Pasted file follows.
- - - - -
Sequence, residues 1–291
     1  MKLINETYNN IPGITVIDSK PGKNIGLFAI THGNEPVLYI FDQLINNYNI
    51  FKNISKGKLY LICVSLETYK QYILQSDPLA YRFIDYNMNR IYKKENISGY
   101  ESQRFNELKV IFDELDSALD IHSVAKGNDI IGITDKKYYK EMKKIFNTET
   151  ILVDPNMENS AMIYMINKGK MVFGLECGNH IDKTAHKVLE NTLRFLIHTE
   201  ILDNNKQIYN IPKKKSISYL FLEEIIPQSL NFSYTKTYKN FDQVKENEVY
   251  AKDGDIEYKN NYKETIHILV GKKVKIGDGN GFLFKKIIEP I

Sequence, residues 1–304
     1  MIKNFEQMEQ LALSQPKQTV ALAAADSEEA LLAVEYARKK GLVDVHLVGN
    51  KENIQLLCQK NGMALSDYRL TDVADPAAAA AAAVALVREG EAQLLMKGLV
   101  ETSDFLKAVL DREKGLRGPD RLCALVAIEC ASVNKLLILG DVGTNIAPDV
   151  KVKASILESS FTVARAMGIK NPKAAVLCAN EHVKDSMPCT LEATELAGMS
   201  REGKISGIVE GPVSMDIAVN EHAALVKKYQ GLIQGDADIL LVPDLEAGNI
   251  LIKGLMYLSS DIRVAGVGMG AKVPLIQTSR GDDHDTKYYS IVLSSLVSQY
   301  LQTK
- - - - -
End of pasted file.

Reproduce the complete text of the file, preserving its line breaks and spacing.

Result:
Sequence, residues 1–291
     1  MKLINETYNN IPGITVIDSK PGKNIGLFAI THGNEPVLYI FDQLINNYNI
    51  FKNISKGKLY LICVSLETYK QYILQSDPLA YRFIDYNMNR IYKKENISGY
   101  ESQRFNELKV IFDELDSALD IHSVAKGNDI IGITDKKYYK EMKKIFNTET
   151  ILVDPNMENS AMIYMINKGK MVFGLECGNH IDKTAHKVLE NTLRFLIHTE
   201  ILDNNKQIYN IPKKKSISYL FLEEIIPQSL NFSYTKTYKN FDQVKENEVY
   251  AKDGDIEYKN NYKETIHILV GKKVKIGDGN GFLFKKIIEP I

Sequence, residues 1–304
     1  MIKNFEQMEQ LALSQPKQTV ALAAADSEEA LLAVEYARKK GLVDVHLVGN
    51  KENIQLLCQK NGMALSDYRL TDVADPAAAA AAAVALVREG EAQLLMKGLV
   101  ETSDFLKAVL DREKGLRGPD RLCALVAIEC ASVNKLLILG DVGTNIAPDV
   151  KVKASILESS FTVARAMGIK NPKAAVLCAN EHVKDSMPCT LEATELAGMS
   201  REGKISGIVE GPVSMDIAVN EHAALVKKYQ GLIQGDADIL LVPDLEAGNI
   251  LIKGLMYLSS DIRVAGVGMG AKVPLIQTSR GDDHDTKYYS IVLSSLVSQY
   301  LQTK